Why Is Elijah Suddenly Such a Popular Name? – Kveller
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Jewish baby names

Why Is Elijah Suddenly Such a Popular Name?

A deep dive into the fiery rise in popularity of the biblical name Elijah.


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Jews around the world leave a cup of wine for Elijah at their Passover seders, but there are also plenty of Elijahs filling seats at dining tables across the U.S. That’s because since 2016, Elijah, the Anglicized name of the prophet we all honor at the Passover seder, has been one of the top 10 baby boys’ names. It peaked at number four in 2020, and went down to fifth place in 2022. It’s the second most popular Jewish name in the U.S., after Noah, which is currently in second place.

According to Social Security, Elijah was the 160th most popular name in the country in the 1880s, with 856 babies named Elijah in that decade. And then, for a century, it left the list of the 200 most popular names. It only returned in the 1990s, when it became the 109th most popular name in the country; it quickly rose to 34th most popular in the 2000s and then to 10th most popular name overall in the 2010s. Basically, in the last couple of decades, Elijah has had a meteoric rise only appropriate for a name that belonged to such a fiery prophet, believed to have ascended to heaven in a chariot of fire.

What can we attribute this rise to? Well, according to BabyCenter, “to explain the rapid ascension of Elijah as a boy ‘s name in the United States, look to ‘The Lord of the Rings’ trilogy. It can’t be a coincidence that the award-winning movie phenomenon starring Elijah Wood hit movie theaters just as the name started its rise up the baby name charts.”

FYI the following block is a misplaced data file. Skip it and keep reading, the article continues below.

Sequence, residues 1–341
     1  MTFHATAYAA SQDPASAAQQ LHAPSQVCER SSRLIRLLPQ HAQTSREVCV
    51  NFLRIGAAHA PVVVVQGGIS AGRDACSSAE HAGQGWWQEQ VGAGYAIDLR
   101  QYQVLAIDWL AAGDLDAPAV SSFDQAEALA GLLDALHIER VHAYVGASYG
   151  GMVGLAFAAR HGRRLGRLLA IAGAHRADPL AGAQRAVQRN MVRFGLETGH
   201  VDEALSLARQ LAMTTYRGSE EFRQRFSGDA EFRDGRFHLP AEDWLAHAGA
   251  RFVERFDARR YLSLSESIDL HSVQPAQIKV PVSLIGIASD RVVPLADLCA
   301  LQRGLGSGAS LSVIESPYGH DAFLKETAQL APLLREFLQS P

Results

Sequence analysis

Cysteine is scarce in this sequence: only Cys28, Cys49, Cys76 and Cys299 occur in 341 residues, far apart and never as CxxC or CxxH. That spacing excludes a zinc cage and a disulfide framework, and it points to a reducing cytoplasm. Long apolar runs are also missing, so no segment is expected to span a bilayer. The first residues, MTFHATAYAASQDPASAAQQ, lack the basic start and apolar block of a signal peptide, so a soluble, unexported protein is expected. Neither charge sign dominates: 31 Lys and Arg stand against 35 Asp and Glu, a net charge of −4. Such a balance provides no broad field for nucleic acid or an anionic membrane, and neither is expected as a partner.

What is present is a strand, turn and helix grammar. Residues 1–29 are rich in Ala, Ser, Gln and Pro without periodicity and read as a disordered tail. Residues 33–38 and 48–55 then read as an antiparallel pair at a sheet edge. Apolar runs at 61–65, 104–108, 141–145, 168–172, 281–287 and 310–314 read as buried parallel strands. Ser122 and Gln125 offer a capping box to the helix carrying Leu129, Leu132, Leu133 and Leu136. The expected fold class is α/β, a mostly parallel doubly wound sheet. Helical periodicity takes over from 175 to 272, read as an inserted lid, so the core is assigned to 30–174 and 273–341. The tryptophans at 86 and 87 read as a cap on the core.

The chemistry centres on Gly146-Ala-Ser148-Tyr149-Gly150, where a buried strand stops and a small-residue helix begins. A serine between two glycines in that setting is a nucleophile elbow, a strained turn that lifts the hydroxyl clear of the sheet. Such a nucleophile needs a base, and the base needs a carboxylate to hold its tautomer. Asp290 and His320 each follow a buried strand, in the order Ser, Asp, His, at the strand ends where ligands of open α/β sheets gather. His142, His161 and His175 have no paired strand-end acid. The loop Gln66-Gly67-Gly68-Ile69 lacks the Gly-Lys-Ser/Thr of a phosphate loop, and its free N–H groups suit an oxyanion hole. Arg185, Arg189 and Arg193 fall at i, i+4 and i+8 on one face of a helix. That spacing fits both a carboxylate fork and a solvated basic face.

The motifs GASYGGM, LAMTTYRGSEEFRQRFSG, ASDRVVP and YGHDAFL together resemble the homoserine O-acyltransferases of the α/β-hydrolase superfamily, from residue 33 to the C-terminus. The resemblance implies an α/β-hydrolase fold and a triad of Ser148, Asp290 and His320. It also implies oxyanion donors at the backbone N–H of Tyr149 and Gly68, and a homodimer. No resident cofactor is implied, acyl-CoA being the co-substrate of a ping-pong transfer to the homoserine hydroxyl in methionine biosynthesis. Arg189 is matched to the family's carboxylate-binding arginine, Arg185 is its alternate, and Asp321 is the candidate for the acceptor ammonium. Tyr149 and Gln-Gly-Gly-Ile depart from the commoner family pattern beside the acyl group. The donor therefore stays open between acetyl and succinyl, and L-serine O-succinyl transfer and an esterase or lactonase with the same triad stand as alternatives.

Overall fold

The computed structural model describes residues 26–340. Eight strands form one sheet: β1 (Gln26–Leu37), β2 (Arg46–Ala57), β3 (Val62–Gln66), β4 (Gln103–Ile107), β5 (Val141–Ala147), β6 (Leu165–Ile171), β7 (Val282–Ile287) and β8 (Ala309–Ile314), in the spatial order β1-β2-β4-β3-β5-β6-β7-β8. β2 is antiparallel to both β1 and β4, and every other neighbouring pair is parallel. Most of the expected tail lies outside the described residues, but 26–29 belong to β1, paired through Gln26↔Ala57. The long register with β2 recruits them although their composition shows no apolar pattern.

That’s a lot of responsibility to put on (the extremely talented) Elijah Wood’s shoulders! (Less than fun fact: The name Elijah Wood also belonged to a convicted serial murderer from Arkansas.) I find it hard to believe that Wood, as amazing as he is, can take all the credit for literally hundreds of thousands of new babies named Elijah — especially because the name really peaked in popularity over the last half decade, and the last “Lord of the Rings” movie starring Elijah came out in 2003.

In all honesty, I’m struggling to find another catalyst for this recent trend. Could it be Elijah Kranz from “Girls,” played by Andrew Rannells? Or Elijah Mikaelson from “The Vampire Diaries?” (Daniel Gillies is impossibly dreamy, so maybe.)

Sure, there are other famous and infamous Elijahs — politician Elijah Cummings, actor Elijah Kelley, Nation of Islam founder Elijah Muhammad, abolitionist Elijah Lovejoy, baptist preacher and maybe but likely not bourbon inventor Elijah Craig, football player Elijah Pitts and quite a few more. But none seem quite famous enough to have inspired such an influx of babies being named after them.

You will notice that none of these Elijahs are Jewish (though Elijah Wald, Grammy award-winning folk music sensation probably also belongs on the list) — which brings us to the next question: Is Elijah a Jewish name? Well, obviously, it is literally a biblical name of one of the most iconic figures in Jewish text, known to bring about all sorts of miracles and who is said to be the one to announce the coming of the messiah.

According to Google, the most famous Elijah is none other than the celebrated 18th century Jewish scholar, the Vilna Gaon, aka Rabbi Elijah ben Solomon Zalman Kremer, or HaGra (sorry, Elijah Wood, Google says you can’t compare to this brilliant Jewish talmudist). But when it comes to the way people perceive the name — well, it’s not really seen as a particularly Jewish one. At least according to a 2022 survey from the Jewish Language Project about Jewish personal names, in which respondents said the name is not “distinctively Jewish,” as likely to be a name for non-Jews as it is for Jews. When paired with Eliyahu, the Hebrew version of the name, of course, the perception of Jewishness rose. But Elijah by itself? It could really go either way.

And with the numbers of Elijahs being born compared to the percentage of Jews in the U.S. population, it is quite likely that most of them are not Jews. It is likely that quite a few of these babies are being named not after a “Lord of the Rings” star, but after the guy we leave a cup out for at the seder; the prophet is celebrated by many religions, after all. To be fair, it is simply just a really nice name.

So here’s a l’chaim to Elijah, a name so beautiful, new parents just can’t resist it.

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